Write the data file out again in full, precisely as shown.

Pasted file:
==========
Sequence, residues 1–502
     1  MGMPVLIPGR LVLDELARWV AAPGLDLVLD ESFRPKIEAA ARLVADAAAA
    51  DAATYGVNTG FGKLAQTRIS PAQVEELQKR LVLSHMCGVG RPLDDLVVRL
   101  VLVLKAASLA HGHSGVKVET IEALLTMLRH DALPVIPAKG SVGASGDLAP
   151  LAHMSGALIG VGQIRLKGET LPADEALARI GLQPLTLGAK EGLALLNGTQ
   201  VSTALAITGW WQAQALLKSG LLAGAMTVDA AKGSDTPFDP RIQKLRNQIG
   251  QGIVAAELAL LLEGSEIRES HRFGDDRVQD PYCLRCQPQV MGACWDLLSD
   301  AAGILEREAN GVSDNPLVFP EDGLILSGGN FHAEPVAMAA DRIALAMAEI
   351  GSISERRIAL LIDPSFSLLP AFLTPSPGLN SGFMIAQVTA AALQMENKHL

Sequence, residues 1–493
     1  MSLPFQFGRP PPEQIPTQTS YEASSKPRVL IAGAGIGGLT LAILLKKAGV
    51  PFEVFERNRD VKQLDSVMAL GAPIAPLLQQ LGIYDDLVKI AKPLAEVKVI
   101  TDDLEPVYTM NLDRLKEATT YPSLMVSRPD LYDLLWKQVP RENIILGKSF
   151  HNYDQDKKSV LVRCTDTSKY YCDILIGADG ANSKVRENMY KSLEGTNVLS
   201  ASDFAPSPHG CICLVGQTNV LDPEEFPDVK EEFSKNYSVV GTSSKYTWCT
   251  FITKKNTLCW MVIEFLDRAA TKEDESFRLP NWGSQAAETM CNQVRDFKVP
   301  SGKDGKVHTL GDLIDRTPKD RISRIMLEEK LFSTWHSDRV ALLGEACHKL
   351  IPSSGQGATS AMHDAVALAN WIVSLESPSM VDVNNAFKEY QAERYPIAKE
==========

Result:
Sequence, residues 1–502
     1  MGMPVLIPGR LVLDELARWV AAPGLDLVLD ESFRPKIEAA ARLVADAAAA
    51  DAATYGVNTG FGKLAQTRIS PAQVEELQKR LVLSHMCGVG RPLDDLVVRL
   101  VLVLKAASLA HGHSGVKVET IEALLTMLRH DALPVIPAKG SVGASGDLAP
   151  LAHMSGALIG VGQIRLKGET LPADEALARI GLQPLTLGAK EGLALLNGTQ
   201  VSTALAITGW WQAQALLKSG LLAGAMTVDA AKGSDTPFDP RIQKLRNQIG
   251  QGIVAAELAL LLEGSEIRES HRFGDDRVQD PYCLRCQPQV MGACWDLLSD
   301  AAGILEREAN GVSDNPLVFP EDGLILSGGN FHAEPVAMAA DRIALAMAEI
   351  GSISERRIAL LIDPSFSLLP AFLTPSPGLN SGFMIAQVTA AALQMENKHL

Sequence, residues 1–493
     1  MSLPFQFGRP PPEQIPTQTS YEASSKPRVL IAGAGIGGLT LAILLKKAGV
    51  PFEVFERNRD VKQLDSVMAL GAPIAPLLQQ LGIYDDLVKI AKPLAEVKVI
   101  TDDLEPVYTM NLDRLKEATT YPSLMVSRPD LYDLLWKQVP RENIILGKSF
   151  HNYDQDKKSV LVRCTDTSKY YCDILIGADG ANSKVRENMY KSLEGTNVLS
   201  ASDFAPSPHG CICLVGQTNV LDPEEFPDVK EEFSKNYSVV GTSSKYTWCT
   251  FITKKNTLCW MVIEFLDRAA TKEDESFRLP NWGSQAAETM CNQVRDFKVP
   301  SGKDGKVHTL GDLIDRTPKD RISRIMLEEK LFSTWHSDRV ALLGEACHKL
   351  IPSSGQGATS AMHDAVALAN WIVSLESPSM VDVNNAFKEY QAERYPIAKE